On the mysterious absence of blood in the car, the high court noted:
The mystery of the murder is deepened by the facts, borne out from the record, that no blood was found in Shri Pandya’s car except a negligible spot on the seat near the driver’s seat even as his clothes bore tell-tale signs of profuse bleeding from injuries on the neck and forearm; and mobile phone and keys lying on the floor of the car below that seat had stains of blood.
Based on the bullets recovered, there is every likelihood that there were two weapons and two assassins. The absence of blood in the car when Pandya had clearly bled profusely suggests he was killed not in his car but elsewhere and that his body was then stuffed into his car. Why this was done, and by whom, can only be answered by a proper investigation – of the kind the CBI never did.
In an angry letter to Prime Minister Manmohan Singh in 2013 about the Sohrabuddin and Ishrat Jahan fake encounter cases, BJP leader Arun Jaitley had also complained about attempts to “politicise the [Pandya] case”. He said “suggestions … are being made in the corridors of power by senior Congress leaders to implicate BJP leaders at this belated stage…. the CBI is being pressurised to admit that its own investigation was faulty.”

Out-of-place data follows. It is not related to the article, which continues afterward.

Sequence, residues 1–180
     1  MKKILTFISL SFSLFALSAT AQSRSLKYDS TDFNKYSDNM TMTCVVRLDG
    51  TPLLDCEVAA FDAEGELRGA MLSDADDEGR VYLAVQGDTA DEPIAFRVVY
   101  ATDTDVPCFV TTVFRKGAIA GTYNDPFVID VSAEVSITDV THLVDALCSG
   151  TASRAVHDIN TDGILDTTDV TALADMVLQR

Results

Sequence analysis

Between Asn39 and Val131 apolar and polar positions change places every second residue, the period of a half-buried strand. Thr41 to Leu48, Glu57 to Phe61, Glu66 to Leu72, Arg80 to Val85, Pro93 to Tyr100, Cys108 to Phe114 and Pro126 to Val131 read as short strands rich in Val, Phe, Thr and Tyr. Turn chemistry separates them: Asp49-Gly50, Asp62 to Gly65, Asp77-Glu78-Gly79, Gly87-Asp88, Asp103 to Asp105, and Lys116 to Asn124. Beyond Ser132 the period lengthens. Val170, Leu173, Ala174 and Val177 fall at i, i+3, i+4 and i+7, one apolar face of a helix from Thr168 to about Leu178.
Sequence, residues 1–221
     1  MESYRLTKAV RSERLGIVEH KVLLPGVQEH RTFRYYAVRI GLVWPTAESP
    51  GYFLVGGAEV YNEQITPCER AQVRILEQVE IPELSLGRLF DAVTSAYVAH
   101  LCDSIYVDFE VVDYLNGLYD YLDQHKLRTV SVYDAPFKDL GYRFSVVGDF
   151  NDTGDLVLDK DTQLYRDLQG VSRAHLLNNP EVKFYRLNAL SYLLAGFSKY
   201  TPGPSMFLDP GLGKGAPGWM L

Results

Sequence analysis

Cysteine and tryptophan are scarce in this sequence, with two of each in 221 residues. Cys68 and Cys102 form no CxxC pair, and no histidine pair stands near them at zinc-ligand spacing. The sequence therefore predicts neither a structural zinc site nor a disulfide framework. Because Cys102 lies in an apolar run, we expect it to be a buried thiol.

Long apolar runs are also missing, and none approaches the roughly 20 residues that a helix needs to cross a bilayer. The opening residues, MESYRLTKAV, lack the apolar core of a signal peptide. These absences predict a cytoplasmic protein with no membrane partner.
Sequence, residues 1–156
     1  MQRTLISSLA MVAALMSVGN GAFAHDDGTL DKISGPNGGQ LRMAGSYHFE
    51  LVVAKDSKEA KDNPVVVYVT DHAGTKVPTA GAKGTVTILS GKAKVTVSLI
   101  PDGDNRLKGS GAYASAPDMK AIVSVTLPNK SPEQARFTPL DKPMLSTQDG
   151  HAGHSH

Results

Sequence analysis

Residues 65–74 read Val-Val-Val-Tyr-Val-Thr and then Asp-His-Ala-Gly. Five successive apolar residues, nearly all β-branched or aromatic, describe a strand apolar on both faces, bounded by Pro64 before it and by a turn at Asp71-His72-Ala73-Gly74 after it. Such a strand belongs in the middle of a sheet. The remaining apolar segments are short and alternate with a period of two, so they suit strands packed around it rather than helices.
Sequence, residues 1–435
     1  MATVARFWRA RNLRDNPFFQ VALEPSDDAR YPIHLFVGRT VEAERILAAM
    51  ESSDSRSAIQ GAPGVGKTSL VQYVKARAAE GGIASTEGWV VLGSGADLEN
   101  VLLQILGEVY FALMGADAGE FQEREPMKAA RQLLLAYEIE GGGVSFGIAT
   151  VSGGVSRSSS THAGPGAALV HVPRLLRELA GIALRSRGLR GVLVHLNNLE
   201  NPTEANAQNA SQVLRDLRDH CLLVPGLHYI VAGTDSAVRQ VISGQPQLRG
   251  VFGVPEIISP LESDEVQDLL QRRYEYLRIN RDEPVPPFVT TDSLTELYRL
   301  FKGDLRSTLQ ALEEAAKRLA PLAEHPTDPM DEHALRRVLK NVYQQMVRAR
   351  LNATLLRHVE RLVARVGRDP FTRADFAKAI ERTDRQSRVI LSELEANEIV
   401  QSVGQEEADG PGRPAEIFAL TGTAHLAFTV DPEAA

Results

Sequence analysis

Far from “politicising” the Pandya case, it was the Congress-led UPA government that moved the Supreme Court in appeal against the high court’s decision to acquit the accused. And it was the Gujarat high court judgment acquitting the 12 men accused of Pandya’s murder which made no bones about the fact that the CBI’s investigation was not just faulty but “blinkered” and “inept”.
Simply put, the high court found that Pandya could not have been killed in the way the CBI said he was. It also found that the investigation left out innumberable clues and leads and expressed surprise at the CBI’s refusal to allow Pandya’s staff to testify about the state they found his body in.
In the 15 years since the crime, Pandya’s father and his widow, various BJP leaders in Gujarat and now the original investigating officer, have all questioned the sheer improbability of the CBI’s investigation. The more a reinvestigation is delayed, the greater is the likelihood of the trail going completely cold. Perhaps that is what the CBI, which clearly knows more than it is revealing, is hoping will happen.
Note: In an earlier version of this story it was stated that the CBI appealed the high court verdict on Pandya in 2013. In fact, the agency moved the Supreme Court in November 2011.